All data are local – notes from Loukissas (2019)

In his most recent book, designer Yanni Loukissas makes a simple yet compelling argument: all data are local. Loukissas’ book could be read as an extended rebuttal of the ‘myth of digital universalism’ (p.10), which prevails much of the rhetoric of digital data. Digital universalism, he argues, helps to uproot data so that they might be operationalised in new contexts ‘unburdened by ethical quandaries that might accompany their use, and free from concerns about their unintended consequences’ (p.125). By obscuring these local effects, new economies of data can be created and the market gains strength. Drawing on in-depth case studies from a range of data settings – including accessions data from the Arnold Arboretum, and the Zillow online real estate database – Loukissas details the importance of analysing data settings and data practices, rather than simply data sets. In this blog post I summarise the four supporting principles to Loukissas’ main argument that all data are local.

  • The first principle Loukissas explores is that all data have complex attachments to place. Data are not independent of their local substrate and carry with them traces of the conditions and values particular to their origin. While we might like to think of data as readily available for use, Loukissas details the huge amount of labour that goes into making data machine recognisable. In addition, data processes and practices within an institution change over time. Something as simple as the date and time structure used within an institution to label data can have profound effects on how datasets are constructed and used.
  • The second principle is that data are assembled from heterogenous sources. Loukissas focuses upon data infrastructures, or the ‘metacollection, which agglomerates digital resources from distributed sites of production’ (p.57). Drawing on the work of Bowker and Star (1999), Loukissas argues data infrastructures are not neutral and draws attention to how data are made to conform to a range of categories and structures. Rather than simply accepting data at face value, we need to ask critical questions that help to uncover the cultural, political and economic construction of data. These questions include: Who makes data and why? What does data mean in different cultures of collecting? What kinds of values and assumptions can data hold?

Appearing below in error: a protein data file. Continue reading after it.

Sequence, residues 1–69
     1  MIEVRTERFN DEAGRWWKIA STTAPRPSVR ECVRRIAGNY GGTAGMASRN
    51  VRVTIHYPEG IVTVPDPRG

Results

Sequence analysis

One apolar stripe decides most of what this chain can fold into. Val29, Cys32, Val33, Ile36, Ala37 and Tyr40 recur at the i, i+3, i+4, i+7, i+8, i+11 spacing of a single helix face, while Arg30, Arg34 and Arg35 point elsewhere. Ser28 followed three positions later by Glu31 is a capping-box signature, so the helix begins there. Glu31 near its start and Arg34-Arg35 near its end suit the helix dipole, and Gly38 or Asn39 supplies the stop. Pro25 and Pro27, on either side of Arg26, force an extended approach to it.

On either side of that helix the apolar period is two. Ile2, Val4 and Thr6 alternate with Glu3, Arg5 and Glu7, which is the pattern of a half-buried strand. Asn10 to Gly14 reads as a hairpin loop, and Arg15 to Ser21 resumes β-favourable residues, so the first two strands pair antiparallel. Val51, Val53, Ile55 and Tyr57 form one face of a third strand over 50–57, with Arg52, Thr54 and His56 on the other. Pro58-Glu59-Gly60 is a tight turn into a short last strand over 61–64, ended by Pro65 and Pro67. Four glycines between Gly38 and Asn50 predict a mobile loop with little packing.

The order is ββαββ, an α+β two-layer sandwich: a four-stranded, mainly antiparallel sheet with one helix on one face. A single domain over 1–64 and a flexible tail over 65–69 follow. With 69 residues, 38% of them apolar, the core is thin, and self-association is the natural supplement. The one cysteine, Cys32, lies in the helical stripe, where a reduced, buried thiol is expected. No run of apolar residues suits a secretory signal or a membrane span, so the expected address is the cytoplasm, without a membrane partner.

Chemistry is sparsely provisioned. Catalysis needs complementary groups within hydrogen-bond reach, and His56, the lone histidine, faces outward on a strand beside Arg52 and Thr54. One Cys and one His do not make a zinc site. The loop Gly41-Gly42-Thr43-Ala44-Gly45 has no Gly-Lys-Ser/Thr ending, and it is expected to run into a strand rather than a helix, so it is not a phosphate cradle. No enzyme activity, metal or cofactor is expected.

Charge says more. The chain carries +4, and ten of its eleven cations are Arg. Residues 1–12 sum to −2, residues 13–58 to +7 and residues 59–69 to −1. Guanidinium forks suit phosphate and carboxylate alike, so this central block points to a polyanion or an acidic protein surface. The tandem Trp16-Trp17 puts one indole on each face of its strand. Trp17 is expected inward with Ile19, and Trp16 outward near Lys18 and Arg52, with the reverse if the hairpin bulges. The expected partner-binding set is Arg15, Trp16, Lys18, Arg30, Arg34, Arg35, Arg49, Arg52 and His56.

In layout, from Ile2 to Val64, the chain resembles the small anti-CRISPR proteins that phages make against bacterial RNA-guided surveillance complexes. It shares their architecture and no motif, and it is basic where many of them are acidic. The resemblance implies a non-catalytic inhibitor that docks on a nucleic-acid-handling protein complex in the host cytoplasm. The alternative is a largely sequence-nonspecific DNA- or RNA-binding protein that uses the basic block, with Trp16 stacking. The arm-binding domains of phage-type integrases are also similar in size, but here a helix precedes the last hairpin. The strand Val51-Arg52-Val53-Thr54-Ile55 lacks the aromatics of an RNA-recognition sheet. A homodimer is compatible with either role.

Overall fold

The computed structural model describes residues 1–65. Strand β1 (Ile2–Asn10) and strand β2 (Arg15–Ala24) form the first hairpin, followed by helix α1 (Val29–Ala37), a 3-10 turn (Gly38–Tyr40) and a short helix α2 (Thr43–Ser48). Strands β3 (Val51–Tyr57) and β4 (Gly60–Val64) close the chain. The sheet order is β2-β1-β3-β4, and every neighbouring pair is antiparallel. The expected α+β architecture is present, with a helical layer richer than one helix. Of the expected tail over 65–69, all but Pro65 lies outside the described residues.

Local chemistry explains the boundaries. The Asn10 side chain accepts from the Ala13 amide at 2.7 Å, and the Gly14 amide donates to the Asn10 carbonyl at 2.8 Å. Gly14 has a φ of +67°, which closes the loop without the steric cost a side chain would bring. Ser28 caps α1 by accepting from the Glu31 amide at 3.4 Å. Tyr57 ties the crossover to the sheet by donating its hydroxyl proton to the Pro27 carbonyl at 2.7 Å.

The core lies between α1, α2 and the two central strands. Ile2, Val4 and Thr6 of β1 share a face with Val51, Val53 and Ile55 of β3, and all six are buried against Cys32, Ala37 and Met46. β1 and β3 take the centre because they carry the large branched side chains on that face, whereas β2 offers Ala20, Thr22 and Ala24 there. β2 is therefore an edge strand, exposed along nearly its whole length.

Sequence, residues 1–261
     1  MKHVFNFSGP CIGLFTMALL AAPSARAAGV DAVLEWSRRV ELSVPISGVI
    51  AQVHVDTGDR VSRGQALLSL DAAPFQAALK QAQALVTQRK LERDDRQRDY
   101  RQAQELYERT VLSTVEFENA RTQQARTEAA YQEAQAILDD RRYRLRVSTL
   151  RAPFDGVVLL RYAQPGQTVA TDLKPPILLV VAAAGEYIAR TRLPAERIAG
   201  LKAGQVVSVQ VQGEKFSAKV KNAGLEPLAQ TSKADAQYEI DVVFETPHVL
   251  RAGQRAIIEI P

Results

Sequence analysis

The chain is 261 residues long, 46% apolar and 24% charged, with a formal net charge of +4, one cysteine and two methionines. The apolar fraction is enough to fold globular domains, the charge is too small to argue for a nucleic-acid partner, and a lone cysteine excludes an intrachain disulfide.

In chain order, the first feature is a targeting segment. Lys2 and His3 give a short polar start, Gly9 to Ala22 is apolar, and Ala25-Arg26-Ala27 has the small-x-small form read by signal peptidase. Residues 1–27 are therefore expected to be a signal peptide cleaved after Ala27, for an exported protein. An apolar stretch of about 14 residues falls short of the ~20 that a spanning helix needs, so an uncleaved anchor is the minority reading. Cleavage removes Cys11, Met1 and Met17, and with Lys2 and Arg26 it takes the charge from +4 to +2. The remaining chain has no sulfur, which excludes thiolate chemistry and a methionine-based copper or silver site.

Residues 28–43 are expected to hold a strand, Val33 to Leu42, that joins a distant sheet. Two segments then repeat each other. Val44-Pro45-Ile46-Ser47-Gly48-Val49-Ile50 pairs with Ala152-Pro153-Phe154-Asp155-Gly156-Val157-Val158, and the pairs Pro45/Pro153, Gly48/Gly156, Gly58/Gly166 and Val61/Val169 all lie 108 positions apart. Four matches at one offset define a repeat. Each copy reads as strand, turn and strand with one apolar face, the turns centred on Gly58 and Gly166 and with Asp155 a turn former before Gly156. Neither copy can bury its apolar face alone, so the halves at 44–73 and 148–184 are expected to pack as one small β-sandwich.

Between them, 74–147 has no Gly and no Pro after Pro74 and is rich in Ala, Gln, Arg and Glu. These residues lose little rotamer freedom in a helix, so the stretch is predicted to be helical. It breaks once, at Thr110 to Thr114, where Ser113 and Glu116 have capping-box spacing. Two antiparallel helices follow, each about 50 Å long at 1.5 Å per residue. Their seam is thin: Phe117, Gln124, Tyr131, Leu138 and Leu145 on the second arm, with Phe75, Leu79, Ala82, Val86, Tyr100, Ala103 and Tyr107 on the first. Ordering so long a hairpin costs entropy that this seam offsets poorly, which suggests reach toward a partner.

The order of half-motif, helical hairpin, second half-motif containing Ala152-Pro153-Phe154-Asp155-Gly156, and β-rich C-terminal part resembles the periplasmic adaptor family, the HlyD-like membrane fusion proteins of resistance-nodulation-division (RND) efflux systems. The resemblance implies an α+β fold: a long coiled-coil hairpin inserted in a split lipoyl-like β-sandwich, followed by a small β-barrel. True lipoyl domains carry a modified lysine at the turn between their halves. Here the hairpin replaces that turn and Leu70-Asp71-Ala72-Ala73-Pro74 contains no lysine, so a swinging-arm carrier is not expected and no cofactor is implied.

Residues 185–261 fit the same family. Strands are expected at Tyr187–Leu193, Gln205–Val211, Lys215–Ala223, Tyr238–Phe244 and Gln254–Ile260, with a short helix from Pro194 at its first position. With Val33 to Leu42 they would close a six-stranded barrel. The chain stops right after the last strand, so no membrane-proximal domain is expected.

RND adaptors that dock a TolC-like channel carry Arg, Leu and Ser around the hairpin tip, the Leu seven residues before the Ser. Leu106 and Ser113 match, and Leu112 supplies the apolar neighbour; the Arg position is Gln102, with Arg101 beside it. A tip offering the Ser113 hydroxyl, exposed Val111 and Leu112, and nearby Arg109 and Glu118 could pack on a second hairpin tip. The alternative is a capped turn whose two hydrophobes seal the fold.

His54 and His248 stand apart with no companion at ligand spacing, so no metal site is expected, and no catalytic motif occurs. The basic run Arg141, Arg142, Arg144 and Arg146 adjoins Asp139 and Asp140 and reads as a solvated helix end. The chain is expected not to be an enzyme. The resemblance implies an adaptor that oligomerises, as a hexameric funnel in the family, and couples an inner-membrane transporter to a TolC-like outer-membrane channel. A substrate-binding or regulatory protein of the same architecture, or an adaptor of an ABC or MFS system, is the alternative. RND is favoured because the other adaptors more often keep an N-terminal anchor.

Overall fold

• The third principle is that data and algorithms are entangled. While this is not a new insight, Loukissas explains how algorithms are trained on data sets and that this process fundamentally shapes their normative assumptions. Algorithms are ‘fragile, multiple, and situated in ad hoc practices of computational work’ (p.117) and therefore not easily separated from the data-sets that they are trained on and/or process. In this sense, any algorithm is not easily appropriated for other ends.
  • The fourth principle is that interfaces recontextualize data. Interfaces are key to universalising data as they enable data to be delocalised. Through the interface, data can be integrated from ‘anywhere’ and put to work ‘equally well everywhere’ (p.125). While interfaces provide a pragmatic solution to data use, they also help to establish subject positions that the users of data ‘are expected to adopt’ (p.126). As such interfaces grease the wheels of data generation and use. Loukissas argues data are never free, but are instead recontextualised through interfaces.

The lessons in All Data Are Local are useful to all who work with or on digital data – from social scientists to data scientists. As Loukissas demonstrates, data are only ever as reliable and useful as the processes and practices that are employed to manifest and use them. As such, data must be analysed in context and as a kind of ‘text’ or cultural expression ‘subject to interpretive examination’ (p.7). While data often enable people to make decisions ‘objectively’ and ‘from a distance’, Loukissas concludes with the contention that data should be seen as a ‘point of contact’ or an opportunity ‘to get closer, to learn to care about a subject or the people and places beyond data’ (p.196).


Bowker, G., & Star, S. (1999). Sorting Things Out: Classification and its Consequences. Cambridge, MA: The MIT Press.

Loukissas, Y. (2019). All Data Are Local: Thinking Critically in a Data-Driven Society. Cambridge, MA: The MIT Press.